Kenya’s Biggest Pension Fund Turns to Private Equity for Returns

  • National Social Security Fund also mulls investments abroad
  • Fund’s change in focus comes after returns of 3% in 2015

Kenya’s largest pension fund is turning to private equity and seeking investments abroad to boost returns rather than relying on a traditional strategy of buying and holding assets.

“We try our best to optimize our profit,” National Social Security Fund acting Managing Trustee Anthony Omerikwa said during the fund’s Annual General Meeting in Kenya’s capital, Nairobi, on Friday. “We are even looking to going into private equity if that is what will give us more returns to our members.”

Assets under management at the fund, which has 1.7 million members, increased 12 percent to 172 billion shillings ($1.7 billion) at the end of 2015 compared with a year earlier, the NSSF said in its annual report. The change in focus comes after the fund posted returns of 3 percent in 2015, compared with 7.5 percent in 2014. It also follows retirement guidelines released last year that allow pension funds to invest as much as 10 percent of their assets in private equity and venture capital to diversify holdings.

“We are looking at very many private equity firms,” Omerikwa said. “We have gone through a very rigorous process for some, but we have not zeroed in on any. It is an ongoing process.”

New Classes

Pension funds have been slow to move into new asset classes because the Retirement Benefits Authority and Capital Markets Authority haven’t completed drafting the requisite regulations. According to Alexander Forbes Group Holdings Ltd. research, 95 percent of the 814 billion shillings in Kenya’s pension industry are invested in fixed income and equities.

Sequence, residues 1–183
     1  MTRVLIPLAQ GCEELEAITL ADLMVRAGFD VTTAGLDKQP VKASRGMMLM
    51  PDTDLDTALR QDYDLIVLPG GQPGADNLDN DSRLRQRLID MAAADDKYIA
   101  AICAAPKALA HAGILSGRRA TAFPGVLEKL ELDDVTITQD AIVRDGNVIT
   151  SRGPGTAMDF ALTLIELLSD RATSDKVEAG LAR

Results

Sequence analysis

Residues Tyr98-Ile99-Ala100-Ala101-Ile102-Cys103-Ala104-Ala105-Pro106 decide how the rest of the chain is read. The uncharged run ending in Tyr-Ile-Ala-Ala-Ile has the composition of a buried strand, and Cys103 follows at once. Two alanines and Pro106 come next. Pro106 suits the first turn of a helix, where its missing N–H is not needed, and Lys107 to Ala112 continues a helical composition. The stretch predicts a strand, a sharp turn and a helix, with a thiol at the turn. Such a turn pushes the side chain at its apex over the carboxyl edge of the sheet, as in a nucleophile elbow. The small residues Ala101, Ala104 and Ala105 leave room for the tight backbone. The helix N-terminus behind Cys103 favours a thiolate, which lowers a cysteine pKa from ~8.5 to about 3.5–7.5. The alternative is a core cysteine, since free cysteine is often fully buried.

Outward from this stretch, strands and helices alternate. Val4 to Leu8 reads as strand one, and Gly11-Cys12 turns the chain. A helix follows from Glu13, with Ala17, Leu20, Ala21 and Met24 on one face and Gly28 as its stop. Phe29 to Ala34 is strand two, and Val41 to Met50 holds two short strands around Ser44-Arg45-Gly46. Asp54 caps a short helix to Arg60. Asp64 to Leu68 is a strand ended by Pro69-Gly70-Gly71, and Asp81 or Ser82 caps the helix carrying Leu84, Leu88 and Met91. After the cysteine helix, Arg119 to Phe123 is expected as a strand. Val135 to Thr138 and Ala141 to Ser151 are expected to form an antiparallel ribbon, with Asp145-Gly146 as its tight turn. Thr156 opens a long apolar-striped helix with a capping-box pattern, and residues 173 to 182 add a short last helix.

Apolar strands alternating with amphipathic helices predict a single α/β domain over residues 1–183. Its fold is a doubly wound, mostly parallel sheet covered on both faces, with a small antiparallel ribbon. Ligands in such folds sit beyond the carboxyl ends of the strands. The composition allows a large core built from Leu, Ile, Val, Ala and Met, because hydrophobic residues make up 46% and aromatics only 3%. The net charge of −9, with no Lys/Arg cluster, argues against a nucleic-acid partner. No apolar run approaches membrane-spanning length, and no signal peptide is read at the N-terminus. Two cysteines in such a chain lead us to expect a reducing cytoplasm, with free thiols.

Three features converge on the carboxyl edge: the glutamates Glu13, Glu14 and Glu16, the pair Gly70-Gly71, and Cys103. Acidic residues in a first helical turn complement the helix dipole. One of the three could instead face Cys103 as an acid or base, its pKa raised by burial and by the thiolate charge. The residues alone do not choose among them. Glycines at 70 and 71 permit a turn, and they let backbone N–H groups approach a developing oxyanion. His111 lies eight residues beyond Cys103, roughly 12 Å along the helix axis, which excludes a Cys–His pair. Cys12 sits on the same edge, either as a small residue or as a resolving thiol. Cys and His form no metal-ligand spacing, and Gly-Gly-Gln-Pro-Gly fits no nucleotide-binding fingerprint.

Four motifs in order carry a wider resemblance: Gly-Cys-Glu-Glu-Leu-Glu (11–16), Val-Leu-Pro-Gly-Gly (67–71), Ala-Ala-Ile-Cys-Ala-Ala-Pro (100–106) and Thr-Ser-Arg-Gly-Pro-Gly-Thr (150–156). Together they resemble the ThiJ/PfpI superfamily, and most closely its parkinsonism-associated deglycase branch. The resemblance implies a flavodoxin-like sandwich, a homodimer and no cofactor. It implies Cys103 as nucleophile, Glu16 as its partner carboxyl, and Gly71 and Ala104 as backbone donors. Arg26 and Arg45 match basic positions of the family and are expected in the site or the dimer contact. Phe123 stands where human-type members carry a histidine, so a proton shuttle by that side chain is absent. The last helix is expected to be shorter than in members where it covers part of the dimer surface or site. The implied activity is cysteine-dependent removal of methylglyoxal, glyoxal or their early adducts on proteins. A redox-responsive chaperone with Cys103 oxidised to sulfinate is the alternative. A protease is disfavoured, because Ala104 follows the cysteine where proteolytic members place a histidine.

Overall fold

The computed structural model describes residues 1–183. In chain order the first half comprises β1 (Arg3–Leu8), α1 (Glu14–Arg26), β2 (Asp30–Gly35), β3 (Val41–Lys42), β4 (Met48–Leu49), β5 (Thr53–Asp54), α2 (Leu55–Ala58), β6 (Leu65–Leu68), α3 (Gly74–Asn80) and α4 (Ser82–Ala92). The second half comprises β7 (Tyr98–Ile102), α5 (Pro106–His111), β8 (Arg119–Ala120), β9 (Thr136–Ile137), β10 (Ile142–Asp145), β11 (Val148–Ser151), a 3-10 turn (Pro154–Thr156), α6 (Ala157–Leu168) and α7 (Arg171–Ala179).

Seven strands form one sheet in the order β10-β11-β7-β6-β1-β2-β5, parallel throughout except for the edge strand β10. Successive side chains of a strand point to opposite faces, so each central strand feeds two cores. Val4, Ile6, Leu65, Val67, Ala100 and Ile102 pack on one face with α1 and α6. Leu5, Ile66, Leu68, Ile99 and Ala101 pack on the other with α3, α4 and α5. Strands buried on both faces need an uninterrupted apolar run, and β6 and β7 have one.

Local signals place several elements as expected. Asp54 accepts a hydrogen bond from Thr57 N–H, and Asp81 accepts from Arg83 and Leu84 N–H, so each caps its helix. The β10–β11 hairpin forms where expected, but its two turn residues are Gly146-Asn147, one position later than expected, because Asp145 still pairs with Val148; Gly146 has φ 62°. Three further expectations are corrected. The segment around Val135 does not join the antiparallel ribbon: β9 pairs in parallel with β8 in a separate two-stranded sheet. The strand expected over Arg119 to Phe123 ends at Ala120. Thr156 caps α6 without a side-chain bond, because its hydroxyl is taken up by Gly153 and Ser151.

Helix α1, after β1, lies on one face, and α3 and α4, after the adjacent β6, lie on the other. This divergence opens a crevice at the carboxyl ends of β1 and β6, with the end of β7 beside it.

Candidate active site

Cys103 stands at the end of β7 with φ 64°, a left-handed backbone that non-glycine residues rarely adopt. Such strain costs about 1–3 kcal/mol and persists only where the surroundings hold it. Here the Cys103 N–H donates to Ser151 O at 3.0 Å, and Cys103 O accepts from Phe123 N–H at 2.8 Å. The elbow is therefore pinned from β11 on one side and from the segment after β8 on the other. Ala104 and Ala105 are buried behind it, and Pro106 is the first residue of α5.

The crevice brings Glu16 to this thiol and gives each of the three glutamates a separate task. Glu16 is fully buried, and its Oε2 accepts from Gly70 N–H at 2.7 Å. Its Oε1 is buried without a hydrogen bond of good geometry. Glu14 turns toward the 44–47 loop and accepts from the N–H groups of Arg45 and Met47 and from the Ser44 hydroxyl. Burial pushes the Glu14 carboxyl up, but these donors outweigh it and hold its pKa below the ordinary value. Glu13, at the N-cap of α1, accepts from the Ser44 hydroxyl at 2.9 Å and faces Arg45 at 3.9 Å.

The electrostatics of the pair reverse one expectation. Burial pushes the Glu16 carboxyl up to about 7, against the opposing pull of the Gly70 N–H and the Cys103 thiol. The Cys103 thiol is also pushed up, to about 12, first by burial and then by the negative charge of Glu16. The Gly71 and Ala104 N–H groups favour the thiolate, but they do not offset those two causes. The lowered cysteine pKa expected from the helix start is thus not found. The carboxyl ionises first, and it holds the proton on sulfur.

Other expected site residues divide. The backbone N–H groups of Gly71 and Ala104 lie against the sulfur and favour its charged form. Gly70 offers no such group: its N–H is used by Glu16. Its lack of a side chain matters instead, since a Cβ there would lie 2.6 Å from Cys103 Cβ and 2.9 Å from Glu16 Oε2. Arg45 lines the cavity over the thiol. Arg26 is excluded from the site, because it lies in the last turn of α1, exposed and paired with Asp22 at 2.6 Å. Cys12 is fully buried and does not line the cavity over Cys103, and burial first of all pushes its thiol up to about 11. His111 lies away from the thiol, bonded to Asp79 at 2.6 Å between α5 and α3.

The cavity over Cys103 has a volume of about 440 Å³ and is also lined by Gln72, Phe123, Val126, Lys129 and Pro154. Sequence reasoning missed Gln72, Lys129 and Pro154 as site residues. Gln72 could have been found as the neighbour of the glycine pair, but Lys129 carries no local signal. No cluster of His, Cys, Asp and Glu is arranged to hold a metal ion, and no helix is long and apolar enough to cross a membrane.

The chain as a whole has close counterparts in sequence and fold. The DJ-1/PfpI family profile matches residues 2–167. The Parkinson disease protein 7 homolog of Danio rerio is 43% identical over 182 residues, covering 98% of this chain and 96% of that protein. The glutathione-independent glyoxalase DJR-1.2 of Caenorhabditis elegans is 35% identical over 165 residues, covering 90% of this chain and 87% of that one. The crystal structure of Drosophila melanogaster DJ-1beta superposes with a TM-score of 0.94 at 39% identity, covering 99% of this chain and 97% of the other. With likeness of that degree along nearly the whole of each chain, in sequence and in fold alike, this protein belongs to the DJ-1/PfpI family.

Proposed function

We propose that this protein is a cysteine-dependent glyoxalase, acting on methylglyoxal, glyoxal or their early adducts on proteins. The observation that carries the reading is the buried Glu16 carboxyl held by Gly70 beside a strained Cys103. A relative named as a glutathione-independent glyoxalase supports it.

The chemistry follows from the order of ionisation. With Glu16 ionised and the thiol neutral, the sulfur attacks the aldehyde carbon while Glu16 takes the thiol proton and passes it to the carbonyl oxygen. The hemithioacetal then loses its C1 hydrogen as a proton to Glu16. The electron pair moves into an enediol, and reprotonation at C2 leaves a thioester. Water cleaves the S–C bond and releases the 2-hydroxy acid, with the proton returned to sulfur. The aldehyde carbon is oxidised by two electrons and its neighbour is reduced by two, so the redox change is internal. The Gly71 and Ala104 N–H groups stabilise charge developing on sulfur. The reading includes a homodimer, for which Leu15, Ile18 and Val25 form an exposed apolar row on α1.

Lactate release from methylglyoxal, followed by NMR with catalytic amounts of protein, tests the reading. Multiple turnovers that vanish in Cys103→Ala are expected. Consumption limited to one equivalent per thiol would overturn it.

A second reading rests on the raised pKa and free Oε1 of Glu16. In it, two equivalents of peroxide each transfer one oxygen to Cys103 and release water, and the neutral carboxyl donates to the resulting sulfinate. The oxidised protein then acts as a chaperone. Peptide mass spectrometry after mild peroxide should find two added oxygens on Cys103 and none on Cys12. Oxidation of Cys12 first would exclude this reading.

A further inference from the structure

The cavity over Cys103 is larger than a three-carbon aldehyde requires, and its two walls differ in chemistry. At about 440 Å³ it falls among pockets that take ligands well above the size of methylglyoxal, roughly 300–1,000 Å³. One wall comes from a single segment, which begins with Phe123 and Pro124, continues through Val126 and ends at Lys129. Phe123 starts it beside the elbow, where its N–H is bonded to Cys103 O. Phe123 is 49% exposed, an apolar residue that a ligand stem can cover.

The industry expanded 3.3 percent in 2015, according to data from the Retirement Benefits Authority. That follows an 11 percent decline in the Nairobi Securities Exchange All Share Index last year and local-currency fixed-income returns of 5 percent, according to data compiled by Bloomberg.

“We need investment returns that beat inflation with at least 4 percentage points on a year-on-year basis and beats set targets to allow contributors to have a decent benefits when they retire,” Alexander Forbes Kenya Chief Executive Officer Sundeep Raichura said.

The low correlation of private equity to stocks and fixed income helps to enhance returns, said Ayisi Makatiani, CEO of Fanisi Venture Capital Ltd. Private equity firms can also help pension funds match the long-term profile of their obligations, he said.

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